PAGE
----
5. Courtney Barnett (KEXP)

It’s unlikely that there’s been an artist to have more full set Watch This appearances than Courtney Barnett. There’s a reason Barnett and her band keep cracking  their way into these lists; there’s a palpable vibrancy and sense of pure enjoyment to their live show that’s more clear-cut than just about anyone else currently playing music. That said, they’ve never been more entertaining than they are here- appropriately decked out and fully costumed for a Halloween performance that doubles as one of the most memorable sessions the reliably excellent KEXP’s hosted all year.

Watch This: Vol. 55

With a few days of silence and a Watch This-less Sunday firmly in the past, today’s left with a lot of material to catch up on. Two weeks has provided a lot of great performances spread across a sizable range of styles, from full set in-studio sessions to solo acoustic takes. All but one of the bands featured in what will be the first of three Watch This installments has previously been featured on the site- with a great band from Columbus being the lone debut. It’s a lot to admire, a lot to celebrate, and a lot to analyze. So, as always, sit back, adjust the settings, focus, and Watch This.

1. Big Ups (KEXP)

Big Ups‘ Eighteen Hours of Static was one of 2014’s first great releases. All wild-eyed ferocity and unrelenting momentum, it marked the emergence of one of the more exciting young bands. While it still stands as one of the more notable records of the year, it’s since been overshadowed by the band’s incendiary live performance (it’s not a mistake that they keep showing up in this series). Here, they light up KEXP’s studios with a characteristically fiery five-song performance that should only facilitate their ascension. This is a band that fully deserves their growing recognition, don’t make the mistake of letting them slip by unnoticed.

2. Frankie Cosmos – Embody (Radio K)

Frankie Cosmos provided one of the most lovely sets of NXNE a few months back and since then, they’ve only grown more poised. Greta Kline’s an enviably gifted and incredibly prolific songwriter with a high ceiling. Nearly every Frankie Cosmos release has been a gem and ensured the band’s continued recognition. Airy pop songs like the excellent “Embody”, which they perform here for Radio K, are perfectly crafted pieces of- to quote the song- grace and lightness. It’s a warm embrace from an old friend, providing comfort and reassurance in equal measure; simply sublime.

3. Spit (Live at Treehaus)

Spit‘s Getting Low was one of the year’s quiet self-released records, exceedingly excellent but completely unheralded. Easily one of the best submissions this site’s ever received, the project’s now evolved from a solo venture to a full band endeavor- and what a band. Completely expanding on the Exploding in Sound-style tendencies that Getting Low hinted at, they’ve come out of the gate swinging with vicious intent. Spit’s only got one real show under their belt and they’re already very much a band to watch. Fuzzed out and appropriately left of center, this is a band worth greeting with high expectations- with this full live show serving as definitive proof.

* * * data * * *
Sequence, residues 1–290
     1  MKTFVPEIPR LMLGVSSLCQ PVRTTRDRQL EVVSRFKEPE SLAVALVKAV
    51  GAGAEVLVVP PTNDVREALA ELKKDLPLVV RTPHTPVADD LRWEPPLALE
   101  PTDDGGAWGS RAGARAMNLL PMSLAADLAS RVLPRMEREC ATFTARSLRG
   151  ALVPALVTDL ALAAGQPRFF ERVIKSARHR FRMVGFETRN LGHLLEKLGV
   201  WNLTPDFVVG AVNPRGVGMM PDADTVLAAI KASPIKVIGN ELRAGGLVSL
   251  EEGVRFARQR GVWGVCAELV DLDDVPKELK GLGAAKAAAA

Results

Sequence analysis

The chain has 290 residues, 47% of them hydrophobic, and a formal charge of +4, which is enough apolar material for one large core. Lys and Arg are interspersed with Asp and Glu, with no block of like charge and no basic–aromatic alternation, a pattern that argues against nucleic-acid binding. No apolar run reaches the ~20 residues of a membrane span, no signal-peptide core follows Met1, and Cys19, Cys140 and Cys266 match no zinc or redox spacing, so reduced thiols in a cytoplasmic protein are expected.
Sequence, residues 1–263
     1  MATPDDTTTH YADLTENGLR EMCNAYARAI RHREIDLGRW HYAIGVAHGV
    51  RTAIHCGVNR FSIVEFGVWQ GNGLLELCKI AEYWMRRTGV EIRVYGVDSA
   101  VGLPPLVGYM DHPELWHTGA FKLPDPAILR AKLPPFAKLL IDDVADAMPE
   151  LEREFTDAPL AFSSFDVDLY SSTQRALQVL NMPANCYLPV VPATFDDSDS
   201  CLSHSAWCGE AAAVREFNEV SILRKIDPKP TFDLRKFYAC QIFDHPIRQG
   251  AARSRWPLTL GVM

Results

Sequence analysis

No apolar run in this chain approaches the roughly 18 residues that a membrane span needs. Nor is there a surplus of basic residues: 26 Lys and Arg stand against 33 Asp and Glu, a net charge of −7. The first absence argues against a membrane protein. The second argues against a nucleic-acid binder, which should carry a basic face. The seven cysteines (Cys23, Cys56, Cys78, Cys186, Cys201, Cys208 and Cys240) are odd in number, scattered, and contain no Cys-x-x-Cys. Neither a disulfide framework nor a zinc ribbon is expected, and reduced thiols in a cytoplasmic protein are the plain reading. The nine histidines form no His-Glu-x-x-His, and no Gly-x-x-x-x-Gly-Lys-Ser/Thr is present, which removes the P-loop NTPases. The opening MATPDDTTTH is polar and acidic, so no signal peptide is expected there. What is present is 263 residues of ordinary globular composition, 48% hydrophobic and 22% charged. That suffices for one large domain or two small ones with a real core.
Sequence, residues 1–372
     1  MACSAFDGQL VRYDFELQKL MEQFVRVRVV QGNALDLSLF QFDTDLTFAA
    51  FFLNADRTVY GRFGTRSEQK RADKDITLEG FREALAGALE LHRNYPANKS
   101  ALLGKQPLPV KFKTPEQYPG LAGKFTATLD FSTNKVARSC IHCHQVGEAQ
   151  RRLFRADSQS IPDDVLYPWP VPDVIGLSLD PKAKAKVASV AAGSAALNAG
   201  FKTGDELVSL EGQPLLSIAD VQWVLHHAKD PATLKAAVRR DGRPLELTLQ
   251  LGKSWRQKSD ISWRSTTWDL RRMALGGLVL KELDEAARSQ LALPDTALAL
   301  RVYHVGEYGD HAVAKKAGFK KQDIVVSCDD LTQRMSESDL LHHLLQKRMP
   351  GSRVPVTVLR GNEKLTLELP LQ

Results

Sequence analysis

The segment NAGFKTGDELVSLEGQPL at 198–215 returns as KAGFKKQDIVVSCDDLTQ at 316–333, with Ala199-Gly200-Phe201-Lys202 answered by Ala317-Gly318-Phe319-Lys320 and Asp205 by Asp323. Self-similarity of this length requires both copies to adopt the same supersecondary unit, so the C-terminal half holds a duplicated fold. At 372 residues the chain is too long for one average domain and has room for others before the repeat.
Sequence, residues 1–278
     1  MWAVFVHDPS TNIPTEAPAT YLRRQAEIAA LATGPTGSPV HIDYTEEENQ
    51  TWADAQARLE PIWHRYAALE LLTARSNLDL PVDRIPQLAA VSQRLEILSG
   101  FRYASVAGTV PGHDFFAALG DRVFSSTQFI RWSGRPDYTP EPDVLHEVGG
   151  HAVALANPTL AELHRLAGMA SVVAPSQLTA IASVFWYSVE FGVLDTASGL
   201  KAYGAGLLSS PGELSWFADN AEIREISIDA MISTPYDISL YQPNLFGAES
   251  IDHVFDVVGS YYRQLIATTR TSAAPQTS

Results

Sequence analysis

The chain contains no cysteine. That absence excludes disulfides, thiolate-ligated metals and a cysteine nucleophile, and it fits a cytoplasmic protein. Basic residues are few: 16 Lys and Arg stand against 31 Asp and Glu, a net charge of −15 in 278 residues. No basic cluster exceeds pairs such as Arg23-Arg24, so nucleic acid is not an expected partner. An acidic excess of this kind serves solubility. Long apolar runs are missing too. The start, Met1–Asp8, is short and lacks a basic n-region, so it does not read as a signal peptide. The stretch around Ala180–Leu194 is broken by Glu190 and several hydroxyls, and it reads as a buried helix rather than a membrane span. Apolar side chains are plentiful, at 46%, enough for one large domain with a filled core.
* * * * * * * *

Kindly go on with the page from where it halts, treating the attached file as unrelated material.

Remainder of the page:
4. Day Creeper – The Way You’re Told (The Mug and Brush Sessions)

Columbus, OH has been producing incredible bands at an alarming rate for some time now, with Day Creeper situated firmly in that pack. With a live show that’s just as ferocious as their recorded output, they’re always a great candidate for a feature performance- and the band absolutely lights up The Mug and Brush Sessions’ studio.
“The Way You’re Told” also serves as a tantalizing glimpse at the band’s upcoming Central States. If the rest of the record’s as good as this performance, they’ll have a serious contender on their hands.

5. Cloud Nothings – Now Hear In (Exclaim!)

A lot’s been made of Dylan Baldi’s vocal takes for Cloud Nothings. In most assessments, Jayson Gerycz’s drumming usually works its way into the central conversation (and rightfully so) but one thing that’s continuously evaded scrutiny is Baldi’s inventive guitar work. Stripped all the way back to a solo acoustic performance, it’s an aspect that’s allowed greater focus and opens up the impressive levels of songwriting happening in Cloud Nothings at present. Here, Baldi’s both restrained and subtly aggressive, providing a commanding performance that contributes to Cloud Nothings’ status as one of today’s most exciting bands.